Anjelah Johnson-Reyes doesn’t market herself as a “clean” comedian. But if you attend one of your shows, you won’t have to limit your guest list.
“Yea, bring the whole family,” she said. “Bring your grandma. Bring whoever.”
Johnson-Reyes, whose multiple recorded specials include “Not So Fancy” on Netflix and “Mahalo & Goodnight” on Amazon Prime, will perform for the third time at Salt Lake City’s Kingsbury Hall on Friday, Jan. 13. She’s in the final months of her “Who Do I Think I Am” tour and last year published a book by the same title.
Her comedy career can be traced back to a free joke-writing class that she took at a church. That’s when she wrote a routine that eventually went viral on YouTube.
Another big break came when she appeared on “Mad TV” as the character Bon Qui Qui. Her first hour-long special was filmed in 2009 and broadcast on Comedy Central.
Social media was a game-changer for her career.
“When you’re putting out all your content on social media, you’ve got to be ready for that next step because you never know. It could come tomorrow,” Johnson-Reyes said. “And now you’re headlining. Do you have the material? Do you have the character to support this stage of your life? Do you have the work ethic? Because it could happen overnight. And it could happen in 10 years. You never know.”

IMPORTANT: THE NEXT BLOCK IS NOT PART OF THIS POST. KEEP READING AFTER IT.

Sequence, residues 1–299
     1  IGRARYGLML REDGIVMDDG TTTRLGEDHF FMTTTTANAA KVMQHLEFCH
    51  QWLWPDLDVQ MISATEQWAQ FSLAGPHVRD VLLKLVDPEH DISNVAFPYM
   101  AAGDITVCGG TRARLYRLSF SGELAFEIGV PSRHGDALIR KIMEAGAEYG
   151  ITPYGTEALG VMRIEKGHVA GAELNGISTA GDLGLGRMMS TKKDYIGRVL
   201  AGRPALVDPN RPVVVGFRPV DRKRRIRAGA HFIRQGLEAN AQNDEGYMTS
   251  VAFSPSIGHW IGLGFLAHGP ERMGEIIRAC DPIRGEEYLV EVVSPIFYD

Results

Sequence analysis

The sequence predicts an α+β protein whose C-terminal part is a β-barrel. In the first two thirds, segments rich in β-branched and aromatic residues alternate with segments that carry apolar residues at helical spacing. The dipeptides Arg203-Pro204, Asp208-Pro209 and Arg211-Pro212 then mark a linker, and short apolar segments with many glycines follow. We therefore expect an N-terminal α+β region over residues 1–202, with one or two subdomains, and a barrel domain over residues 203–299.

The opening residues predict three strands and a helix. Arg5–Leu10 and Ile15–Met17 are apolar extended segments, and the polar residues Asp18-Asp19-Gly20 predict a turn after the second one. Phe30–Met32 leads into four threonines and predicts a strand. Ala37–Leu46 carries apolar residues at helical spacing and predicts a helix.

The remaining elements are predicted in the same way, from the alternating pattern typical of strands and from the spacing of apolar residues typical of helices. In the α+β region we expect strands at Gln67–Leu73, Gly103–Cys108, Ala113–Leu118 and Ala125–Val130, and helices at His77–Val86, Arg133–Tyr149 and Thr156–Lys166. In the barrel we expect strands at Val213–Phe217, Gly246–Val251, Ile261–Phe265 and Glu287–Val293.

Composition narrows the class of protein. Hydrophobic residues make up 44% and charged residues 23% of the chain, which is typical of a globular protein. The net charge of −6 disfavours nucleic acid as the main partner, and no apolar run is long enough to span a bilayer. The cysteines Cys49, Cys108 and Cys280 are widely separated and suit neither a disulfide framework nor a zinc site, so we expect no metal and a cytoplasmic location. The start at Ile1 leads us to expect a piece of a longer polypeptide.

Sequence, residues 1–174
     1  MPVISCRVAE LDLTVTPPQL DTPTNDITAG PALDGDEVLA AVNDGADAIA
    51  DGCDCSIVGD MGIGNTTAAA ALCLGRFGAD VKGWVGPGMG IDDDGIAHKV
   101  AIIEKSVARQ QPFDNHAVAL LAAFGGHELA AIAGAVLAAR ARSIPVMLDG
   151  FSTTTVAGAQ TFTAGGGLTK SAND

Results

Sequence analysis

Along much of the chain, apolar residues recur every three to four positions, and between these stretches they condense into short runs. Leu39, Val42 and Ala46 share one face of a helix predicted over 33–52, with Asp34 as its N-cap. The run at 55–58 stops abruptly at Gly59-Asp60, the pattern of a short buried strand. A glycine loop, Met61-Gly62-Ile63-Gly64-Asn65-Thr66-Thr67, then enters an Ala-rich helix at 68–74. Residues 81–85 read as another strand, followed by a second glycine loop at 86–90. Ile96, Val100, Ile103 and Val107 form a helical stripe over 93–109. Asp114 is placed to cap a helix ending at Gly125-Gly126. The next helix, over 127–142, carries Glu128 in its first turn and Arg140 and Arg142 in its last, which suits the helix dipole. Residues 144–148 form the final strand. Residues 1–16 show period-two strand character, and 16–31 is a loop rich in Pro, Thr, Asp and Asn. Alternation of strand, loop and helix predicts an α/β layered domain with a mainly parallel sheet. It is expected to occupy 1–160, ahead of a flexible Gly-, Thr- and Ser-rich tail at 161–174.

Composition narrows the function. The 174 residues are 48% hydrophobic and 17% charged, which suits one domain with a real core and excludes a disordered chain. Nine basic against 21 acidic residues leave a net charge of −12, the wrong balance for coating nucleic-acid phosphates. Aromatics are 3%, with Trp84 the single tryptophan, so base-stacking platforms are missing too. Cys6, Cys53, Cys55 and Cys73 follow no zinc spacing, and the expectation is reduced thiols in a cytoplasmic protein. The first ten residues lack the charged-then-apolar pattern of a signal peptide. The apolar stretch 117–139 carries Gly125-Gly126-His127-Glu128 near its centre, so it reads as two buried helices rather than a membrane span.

Most of her material focuses on what she calls “relationship stuff” — her husband, siblings, friends, mother and father — and the things “a lot of people can relate to and connect with.”
She intentionally avoids the label of clean “clean comedian” — “sometimes even that can have a stigma to it,” she said — but Johnson-Reyes doesn’t curse in her act.
“A lot of times people don’t even realize I do a clean show until after they’ve left,” she said. “And then they’re like, ‘Oh wait, she didn’t even cuss. I didn’t even notice.’
“I don’t cuss, but I do still talk about adult content, meaning my marriage and stuff like that. But it’s not going to offend your kids. But I don’t know if they’re going to relate and understand.”
There are positives, though, that come with having an act that isn’t too adult.
“You can have a wider range of people come to your show, meaning younger ones, older ones,” she said. “You’re ready for a TV set. You don’t have to clean it up because it’s already clean.”
After Salt Lake City, her tour continues through March with shows from California to Alabama.
“I’m hoping that people come out and are excited,” she said. “This is the last chance to see this hour live.”